I have a mixed effects model with 3 explanatory factors and a full interaction set (including 3 way interaction). This is the full model. Factor 1 is time and I am interested in the change in the response variable over time. Therefore, only factors or interactions where time is present are biologically relevant.

My questions are: 1) Is it better to begin model simplification by removing the highest order (3-way) interaction first, or by removing the least significant term first (which in this case is factor 2)? The 3 way interaction does actually have a relevant interpretation. I have seen both options proposed.

2)Is it okay to include interactions but remove their basic factors (IE include time x treatment when treatment alone is removed from the model)? Several of the basic factors make no sense when not interacting with time. IE measuring the effect of treatment when you are excluding time doesn't make much sense since starting conditions inside each treatment level are identical.

If my hypothesis is correct the final model should include several factor interactions but should not include basic factor 2 or 3 (as they make no sense in the absence of the time factor).

Thank you for your help. I am happy to clarify if my question is ambiguous.


1 Answer 1


Except in very unusual cases, you should not remove an effect and leave-in any effects that contain it. So if you find that the $AB$ interaction is significant, then don't throw out the main effects of $A$ or $B$. Similarly, don't keep $ABC$ and throw out $AB$, or $B$, or any other main effect or two-way interaction involving those three factors.

So, I recommend reading the ANOVA table from the bottom up. You can throw out stuff at the bottom to simplify the model, and work upward, keeping this effect hierarchy in mind.

To see, why, consider a simple illustration, where $A$ and $B$ both have two levels. Let $\mu_{ij}$ denote the expected response at the $i$th level of $A$ and the $j$th level of $B$. If you think that $A$ and $B$ interact, you are saying that the $A$ effects depend on $B$ and vice versa; and this is essentially the same as saying the the combinations of $A$ and $B$ should be regarded as levels of one factor (having 4 levels in this example). As such, the effects of this 4-level factor are quantified as contrasts $c_{11}\mu_{11}+c_{12}\mu_{12} + c_{21}\mu_{21} + c_{22}\mu_{22}$, where the $c_{ij}$ sum to zero. But if you exclude $A$ from the model, you are saying that the $A$ effect, $\{(\mu_{11}+\mu_{12}) - (\mu_{21}+\mu_{22})\}/2$ is equal to zero---thus limiting the contrasts you are willing to consider. Put another way, the four-level factor determined by the levels of $A$ and $B$ together has 3 degrees of freedom, but the interaction effect $AB$ has only 1 d.f.; the other two d.f. are covered by the $A$ and the $B$ main effects.

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    $\begingroup$ I fully agree, but was hoping to see some account of the reasons for these rules in your answer. Although your (real-world) reputation lends weight to anything you might recommend, it is always better to appeal to objective reasons in support of any answer. $\endgroup$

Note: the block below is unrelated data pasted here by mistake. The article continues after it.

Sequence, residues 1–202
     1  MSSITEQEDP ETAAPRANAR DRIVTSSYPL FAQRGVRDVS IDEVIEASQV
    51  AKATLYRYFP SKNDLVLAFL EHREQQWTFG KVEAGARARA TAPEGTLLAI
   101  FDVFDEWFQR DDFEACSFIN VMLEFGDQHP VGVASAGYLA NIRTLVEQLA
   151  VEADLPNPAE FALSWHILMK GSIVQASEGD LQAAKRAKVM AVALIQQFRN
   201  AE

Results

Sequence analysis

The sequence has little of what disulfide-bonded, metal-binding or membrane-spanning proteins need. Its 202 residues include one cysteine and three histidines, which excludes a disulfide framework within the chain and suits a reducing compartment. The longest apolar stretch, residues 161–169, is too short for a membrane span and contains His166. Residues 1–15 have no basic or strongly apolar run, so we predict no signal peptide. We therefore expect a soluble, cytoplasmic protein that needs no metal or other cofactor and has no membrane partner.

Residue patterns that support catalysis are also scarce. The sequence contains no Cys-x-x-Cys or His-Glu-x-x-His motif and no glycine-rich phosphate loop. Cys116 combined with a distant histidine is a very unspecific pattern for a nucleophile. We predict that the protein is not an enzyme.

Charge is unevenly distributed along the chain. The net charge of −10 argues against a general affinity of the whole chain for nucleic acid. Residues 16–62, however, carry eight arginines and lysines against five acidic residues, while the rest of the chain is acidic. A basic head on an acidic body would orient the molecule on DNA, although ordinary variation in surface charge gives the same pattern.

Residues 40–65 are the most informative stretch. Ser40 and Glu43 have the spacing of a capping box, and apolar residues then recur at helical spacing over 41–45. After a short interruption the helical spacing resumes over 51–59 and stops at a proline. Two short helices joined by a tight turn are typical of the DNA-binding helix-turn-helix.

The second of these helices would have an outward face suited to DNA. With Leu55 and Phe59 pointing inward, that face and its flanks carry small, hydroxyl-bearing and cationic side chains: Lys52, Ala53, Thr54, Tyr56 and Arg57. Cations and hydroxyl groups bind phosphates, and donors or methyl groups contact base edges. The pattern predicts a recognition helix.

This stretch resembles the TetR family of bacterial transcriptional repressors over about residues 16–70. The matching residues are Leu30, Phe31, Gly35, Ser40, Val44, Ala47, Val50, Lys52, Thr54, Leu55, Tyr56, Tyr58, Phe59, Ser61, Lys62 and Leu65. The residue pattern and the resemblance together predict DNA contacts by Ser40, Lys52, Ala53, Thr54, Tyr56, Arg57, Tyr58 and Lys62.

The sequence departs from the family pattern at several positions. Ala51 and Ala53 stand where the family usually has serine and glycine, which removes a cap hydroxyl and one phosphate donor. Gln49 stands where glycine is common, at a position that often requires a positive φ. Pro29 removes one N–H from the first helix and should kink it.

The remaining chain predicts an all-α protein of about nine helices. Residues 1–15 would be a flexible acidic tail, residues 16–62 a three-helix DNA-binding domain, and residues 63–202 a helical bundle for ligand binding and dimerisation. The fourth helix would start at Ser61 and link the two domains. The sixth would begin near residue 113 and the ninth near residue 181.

– whuber
    Jan 6, 2015 at 16:34
  • $\begingroup$ Thank you for the quick answer. Out of curiosity, in what situations would it be acceptable to remove main effects but retain interactions? $\endgroup$ Jan 6, 2015 at 17:59
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    $\begingroup$ To @MANOVAboard, I put it that way because I naturally hedge on making absolute statements. I can't think of a good example right now, but I can imagine somebody has one. It'd be a case where there is an inherent meaning to some interaction effect independent of one or more of the main effects containing it. Perhaps some kind of synergistic scenario or something. $\endgroup$
    – Russ Lenth
    Jan 6, 2015 at 18:19
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    $\begingroup$ Well, I can see both sides. If you have a viable scientific theory, then that trumps any statistical convention. However, if your theory is even slightly approximate, you can get into a mess by following it literally. What comes to mind are instances where people fit regression lines through the origin, based on the theory that the trend should be zero at zero. However, if all the data are all way out in right field, that origin constraint has a huge amount of leverage -- and the fitted trend, viewed local to the data actually at hand, can be totally ridiculous. $\endgroup$
    – Russ Lenth
    Jan 6, 2015 at 19:08
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    $\begingroup$ Thank you both for the enlightening conversation. I have re-run the model taking out highest order (non-significant) interactions first and have settled on a model with a Time:Factor3 interaction. Interestingly Factor 2 dropped out of all interactions and eventually the main effect itself was removed. I arrived at a very different model this way but have more confidence in it. $\endgroup$ Jan 6, 2015 at 19:51

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